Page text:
The short answer to your question is "no," it doesn't bother me in the slightest, and I'd applaud a president of either party who took this step.

Our "war on drugs" has long since been lost: we have filled our prisons to overflowing with low level drug offenders, we have built a huge for-profit prison industry, we have put billions of dollars in the hands of drug gangs, we have seen our law enforcement agencies corrupted by drug money, and in the meantime nothing has gotten better on the drug front. Frankly, I'd prefer to see all drugs (save perhaps meth) legalized, sold through government channels and taxed, thus taking the money out of the criminals' hands and perhaps allowing us to redirect some of the money that goes to building prisons and housing prisoners to treatment and maintenance programs.

By the way, the executive branch, in the guise of the Justice Department, has always had discretion in how they charge accused citizens. Moreover, it's called the JUSTICE Department, not the GO FOR THE MAXIMUM PENALTY Department.

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PearlY 8 months ago

So you ARE OK with a dictator as long as he does what you like. No doubt you'd be thrilled if Obama announced the Justice Department would henceforth only charge people of the opposing political party, too.

I agree with you (mostly) on the "war on drugs" albeit on libertarian grounds rather than on pragmatic ones. But Congress, as the elected law-makers, don't, and in a democracy, they're supposed to be the final word on what penalties should be for different crimes, and the Supreme Court the final authority on whether their enacted laws are unconstitutional. For a President to decide he simply won't enforce those laws he doesn't like should bother anybody who believes in democracy or the rule of law. Obviously, that's not you.

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NewInWW 8 months ago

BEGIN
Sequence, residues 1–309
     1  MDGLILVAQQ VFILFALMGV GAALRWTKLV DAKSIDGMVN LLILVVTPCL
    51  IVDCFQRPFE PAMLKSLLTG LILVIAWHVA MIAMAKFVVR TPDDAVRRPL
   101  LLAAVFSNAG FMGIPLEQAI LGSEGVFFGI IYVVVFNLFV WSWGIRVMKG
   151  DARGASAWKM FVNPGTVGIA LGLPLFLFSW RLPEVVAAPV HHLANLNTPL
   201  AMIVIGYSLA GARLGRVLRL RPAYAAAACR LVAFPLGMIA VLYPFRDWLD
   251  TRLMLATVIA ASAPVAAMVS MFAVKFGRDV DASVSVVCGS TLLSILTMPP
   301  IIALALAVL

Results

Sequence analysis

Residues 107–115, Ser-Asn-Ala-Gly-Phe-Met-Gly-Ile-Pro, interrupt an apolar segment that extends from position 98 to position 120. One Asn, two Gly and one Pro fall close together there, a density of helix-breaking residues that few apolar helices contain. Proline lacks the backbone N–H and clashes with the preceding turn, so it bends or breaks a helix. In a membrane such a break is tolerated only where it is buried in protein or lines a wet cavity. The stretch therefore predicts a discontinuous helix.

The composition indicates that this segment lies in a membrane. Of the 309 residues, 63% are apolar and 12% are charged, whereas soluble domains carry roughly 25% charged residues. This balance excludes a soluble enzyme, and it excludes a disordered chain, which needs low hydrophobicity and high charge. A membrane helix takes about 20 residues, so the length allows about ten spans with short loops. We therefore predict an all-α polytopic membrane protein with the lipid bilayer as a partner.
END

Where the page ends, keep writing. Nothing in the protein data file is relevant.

Your conclusion that Obama's Justice Department using discretion in how drug crimes are charged makes Obama a "dictator" is not shared by me or, I suspect, by anyone with a dictionary.

Your hysterical and utterly unfounded statement that I would support the use of political affiliation in deciding which criminal prosecutions are pursued is simply an attempt to attack me, rather than my ideas. As you well know, I suggested nothing of the sort.

Your selective respect for the laws of Congress seems odd, given that you support the Tea Party Republicans' refusal to raise the debt ceiling for expenditures already approved by Congress, while feigning horror at the thought that the Justice Department might not go for the maximum charge in each and every case.

And if you think any President's Justice Department goes for the maximum charge in each and every case, you will be very disappointed with reality.

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PearlY 8 months ago

To the best of my recollection, I have never stated support for refusing to raise the debt ceiling. I consider it a gimmick not worth either supporting or opposing. However, even if I supported refusing to raise it, it would still be respect for the law, since the law is exactly what is being debated.

There is a huge difference between exercising discretion on whether to charge any one individual for any one crime based on factors unique to the individual and to the circumstances of the particular crime, i.e., prosecutorial discretion, and deciding simply not to charge anyone with a particular crime because you don't like the sentence it carries.

I'm glad to hear you don't favor prosecuting only your political opponents. But in supporting what Obama and Holder propose, you are acknowledging that, as far as you're concerned, they have the moral and legal authority to do exactly that - that their charging discretion need not respect any bounds, including Congressional enactments.